V-Nova’s 1000 patents: not size that matters, but how you use it

Original article can be found on the Faultline website – Free to read

 

When V-Nova, inventor of the low complexity video enhancement coding (LCEVC) MPEG compression standard, issued an announcement celebrating the landmark of reaching 1000 patents, our initial thought was surely this is just a drop in the ocean?

But it isn’t until we compare this millennium IP portfolio with those of other vendors specializing in video compression techniques that V-Nova’s R&D flex really comes into focus.

Ateme lists just 72 patents. Harmonic has approximately 160 patents (although these are a mix of video and broadband patented technologies), according to a third-party patent website. This same site assigns some 100 patents to Synamedia, including several encoding and ABR techniques, while Brightcove has a similar number of patents assigned, of which we understand 17 are related to encoding optimization technologies or similar.

The only name that comes close is Netflix, with some 1000 patents to its name, but only a fraction of these are tied to the streamer’s R&D in video encoding.

A number for AWS Elemental is more difficult to locate, but we do know at the time of Amazon’s acquisition of Elemental back in 2015, the cloud-based encoding specialist only had a modest patent portfolio, which has since been swallowed up inside the Amazon juggernaut of some 30,000 patents.

We admit these are apples and oranges comparisons, given that none of the examples here have developed the underlying technology for an MPEG video compression standard, but we are simply highlighting that the gulf in patent portfolio size between V-Nova and much larger software companies is significant.

Of course, there is the argument that it is not size that matters, but how you use it.

One perceived weakness is that, of V-Nova’s 1000 patents, just 10% are approved in the US Patent and Trademark Office. As expected, the V-Nova IP portfolio is Europe-heavy, accounting for 40% of all patents, while the Americas and Asia account for 20% apiece. That would appear to leave 10%—100 patents—unaccounted for, but this is most probably a rounding error in the press release.

While V-Nova was founded in 2011, the last 12 months have been among the most prolific in bulking up the patent portfolio, adding 200 patents to its name in this time. However, it is not clear if V-Nova is counting patents inherited from the PresenZ volumetric video format—via its acquisition of Parallaxter in Q4 2023—or whether these 200 additional patents are all direct products of V-Nova R&D.

PresenZ is a volumetric movie format claiming to be the first accessible technology catering for prerendering of six degrees of freedom (6DoF) images from a standard animation pipeline – promising to render the most complex scenes and highest quality assets in VR.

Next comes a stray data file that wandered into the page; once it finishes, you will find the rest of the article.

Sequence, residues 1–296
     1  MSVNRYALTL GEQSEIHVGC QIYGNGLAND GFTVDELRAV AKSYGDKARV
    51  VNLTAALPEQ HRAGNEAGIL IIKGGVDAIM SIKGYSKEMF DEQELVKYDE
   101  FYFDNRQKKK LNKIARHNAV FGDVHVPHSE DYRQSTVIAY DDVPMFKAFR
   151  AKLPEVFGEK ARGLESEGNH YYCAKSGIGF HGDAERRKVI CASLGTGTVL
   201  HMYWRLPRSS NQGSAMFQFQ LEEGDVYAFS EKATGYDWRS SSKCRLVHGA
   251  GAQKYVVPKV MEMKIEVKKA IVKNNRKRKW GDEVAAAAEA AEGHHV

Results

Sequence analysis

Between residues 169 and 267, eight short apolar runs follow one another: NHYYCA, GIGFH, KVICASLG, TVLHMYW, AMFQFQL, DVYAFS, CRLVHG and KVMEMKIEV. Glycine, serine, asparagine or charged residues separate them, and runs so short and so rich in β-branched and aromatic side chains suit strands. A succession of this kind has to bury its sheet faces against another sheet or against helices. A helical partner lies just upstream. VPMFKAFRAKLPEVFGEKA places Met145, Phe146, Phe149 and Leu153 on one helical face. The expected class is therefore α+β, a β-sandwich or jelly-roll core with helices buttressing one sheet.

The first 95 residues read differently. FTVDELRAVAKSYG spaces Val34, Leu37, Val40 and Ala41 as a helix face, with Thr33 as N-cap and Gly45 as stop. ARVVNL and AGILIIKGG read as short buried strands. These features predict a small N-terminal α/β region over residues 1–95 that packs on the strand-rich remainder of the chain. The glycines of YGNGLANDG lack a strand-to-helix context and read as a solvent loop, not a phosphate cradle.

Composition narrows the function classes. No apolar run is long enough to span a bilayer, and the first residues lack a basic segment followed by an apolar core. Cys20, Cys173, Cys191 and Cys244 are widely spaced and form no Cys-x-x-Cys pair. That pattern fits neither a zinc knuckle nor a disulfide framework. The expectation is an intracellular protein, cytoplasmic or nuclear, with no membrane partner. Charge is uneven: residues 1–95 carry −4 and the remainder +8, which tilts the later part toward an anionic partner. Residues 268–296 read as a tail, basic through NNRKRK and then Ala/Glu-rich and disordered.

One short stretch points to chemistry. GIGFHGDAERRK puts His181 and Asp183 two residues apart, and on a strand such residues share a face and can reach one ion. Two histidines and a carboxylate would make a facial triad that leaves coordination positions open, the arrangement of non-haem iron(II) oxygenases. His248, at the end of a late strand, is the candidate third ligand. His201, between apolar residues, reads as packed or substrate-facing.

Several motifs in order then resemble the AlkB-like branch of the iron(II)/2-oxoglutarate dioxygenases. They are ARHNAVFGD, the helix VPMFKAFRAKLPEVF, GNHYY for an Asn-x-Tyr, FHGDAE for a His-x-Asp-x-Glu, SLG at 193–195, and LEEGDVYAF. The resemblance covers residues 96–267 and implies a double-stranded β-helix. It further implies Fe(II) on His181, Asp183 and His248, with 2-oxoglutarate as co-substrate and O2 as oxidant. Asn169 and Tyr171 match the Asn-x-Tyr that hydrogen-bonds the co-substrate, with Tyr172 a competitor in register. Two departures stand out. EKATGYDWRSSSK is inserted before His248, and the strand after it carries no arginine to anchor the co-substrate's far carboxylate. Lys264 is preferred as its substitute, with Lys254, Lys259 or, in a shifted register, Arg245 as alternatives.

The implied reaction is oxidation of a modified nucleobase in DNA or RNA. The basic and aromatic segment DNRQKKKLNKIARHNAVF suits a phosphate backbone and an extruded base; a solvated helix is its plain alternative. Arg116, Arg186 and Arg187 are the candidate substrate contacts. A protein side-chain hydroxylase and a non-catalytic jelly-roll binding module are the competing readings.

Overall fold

As well as investing in cinematic 6DoF, V-Nova has recently filed patents related to technologies for use cases in AI media indexing, multimodal generative AI, and intelligent edge applications. Not to mention the numerous patents in the pipeline pending approval.

Notably, the flexibility of V-Nova’s technology to span industries, moving from video streaming and broadcasting, into applications such as automotive, security and defense, puts the company in a strong position for future growth. Of course, if we’re talking about patents, we are also talking about bulking up against future patent litigation, suggesting V-Nova could eventually become a litigious IP powerhouse like Adeia (the Xperi/TiVo patent spin-out) or InterDigital.

In terms of the technological spread of V-Nova’s 1000 patents, Google Patents brings up 56 results of patents related to LCEVC assigned to V-Nova, but then Google Patents only lists 400 total patents assigned to V-Nova, so we can scrub Google Patents as a reliable source.

It does note that 3.3% of the V-Nova patent portfolio is assigned to Faroudja Enterprises, from which V-Nova acquired video processing patents in February 2017. This deal improved the performance of V-Nova’s Perseus encoding (which was reincarnated as SMPTE VC-6 in 2019) at low bit rates after the associated techniques had been incorporated. These took account of video specifics such as noise that are best removed prior to compression and do not show up clearly in raw data.

We are waiting on a response from the London-based venture to confirm some of the niggly patent details, and to save us from darting down yet another deep patent rabbit hole.

Coincidentally, this announcement comes just over five years since Faultline figured out that V-Nova’s Perseus compression technology had been embraced as an extension within the MPEG-5 working draft.

It had become clear at the time that V-Nova’s involvement in MPEG-5 was recommended by Thierry Fautier, then Harmonic’s VP of Video Strategy, which was notable because of Harmonic’s former resistance to V-Nova’s technology – putting it in the bucket of commoditization encoders. Faultline quizzed Fautier on this historic rivalry at the landmark NAB 2019 press conference, and we were greeted by a familiar French shrugging of the shoulders, as if the two companies had always been best friends.

V-Nova CEO Guido Meardi described this milestone as a “systemic achievement” for the company – which is highlighted best by the fact that almost 40% of V-Nova employees are named inventors on V-Nova patents.